I’m from Boston and have a Jewish family so seafood was a pretty big part of my diet growing up (lobster, gefilte fish, lox, etc) and I have a real desire to make it sustainable and ethical so we can still eat it without worrying about what we’re doing to the planet we’ll be leaving to the next generation.

That’s so exciting. How did you decide you wanted to intern with New Harvest?

New Harvest is the hub of cellular agriculture, and I needed to be near the center in order to grasp what’s happening!  There’s nobody with anything even close to the open network of scientists actively working on cellular agriculture that New Harvest has.  Pelagic would be near impossible without the guidance and contacts that New Harvest has provided for us.  On top of that, I am firmly of the belief that the real pushing forward of this industry has to come from open research.  I think there’s this big misconception in America that private industry is what creates new technology, but in reality every major technological breakthrough has been predicated on research done in the public sphere.  Cellular agriculture research right now is in its infancy at best, it needs much more academic research done collaboratively and in an open environment before private industry can step in and run with it.  The scientists that New Harvest is funding right now are absolutely brilliant, and the almost daily moves through breakthrough after breakthrough are genuinely incredible to watch.

Photo at Mike Seldon at dinner with friends

What are you most excited about in your internship at NH? Are you enjoying your experience so far?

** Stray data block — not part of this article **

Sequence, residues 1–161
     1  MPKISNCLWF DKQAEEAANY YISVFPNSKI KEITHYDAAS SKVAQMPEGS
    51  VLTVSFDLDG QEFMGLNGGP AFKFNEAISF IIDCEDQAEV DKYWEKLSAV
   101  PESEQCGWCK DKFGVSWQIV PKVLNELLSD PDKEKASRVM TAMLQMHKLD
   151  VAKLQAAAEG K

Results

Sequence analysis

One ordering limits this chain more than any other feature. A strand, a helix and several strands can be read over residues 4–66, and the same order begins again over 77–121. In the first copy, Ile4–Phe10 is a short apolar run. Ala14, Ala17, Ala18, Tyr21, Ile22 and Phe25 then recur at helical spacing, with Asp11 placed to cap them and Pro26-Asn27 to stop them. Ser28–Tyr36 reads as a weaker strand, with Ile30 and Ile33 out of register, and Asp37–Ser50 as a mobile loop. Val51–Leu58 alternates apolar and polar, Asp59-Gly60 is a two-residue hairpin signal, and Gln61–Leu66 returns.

I’m most excited about the possibility of coordinating scientists worldwide through New Harvest into a network that can solve problems collaboratively.  I think that if we had people all over the planet working together on building not only the science but the infrastructure to support more scientists in the field we could make cultured meat a reality not just within our lifetimes, but potentially even within the next decade or two!  The network that New Harvest is building is filled with unbelievably dedicated and talented people and I couldn’t be more excited to be a part of it.  Everybody here is just so nice and helpful, being here is awesomely exciting.

What’s your cellular agriculture “dream scenario”?

My dream scenario is probably about average for this industry, haha! I started in this field due to my interest in animal rights so ideally in the far future I’d want cellular agriculture to completely replace animal agriculture.  I want bioreactors running off of solar energy in places where food is scarce.  I want to be able to brew lobster and shrimp in my home like I brew beer now. Just me and some friends sitting around in my kitchen worrying about gear sanitation and what flavors we’re going to brew next.  Is it going to be Maine lobster, or spiny?

About the Authors
Erin Kim has been working in cellular agriculture since 2014, when she started out at as one of New Harvest's first volunteers while completing a Juris Doctor at the University of Alberta, Canada. Following the completion of her studies, Erin took on the role of Communications Director full-time, where she brings a down-to-earth approach to translating developments in New Harvest research into accessible content in print and on the web, fundraising communications, media relations, social media, and community outreach.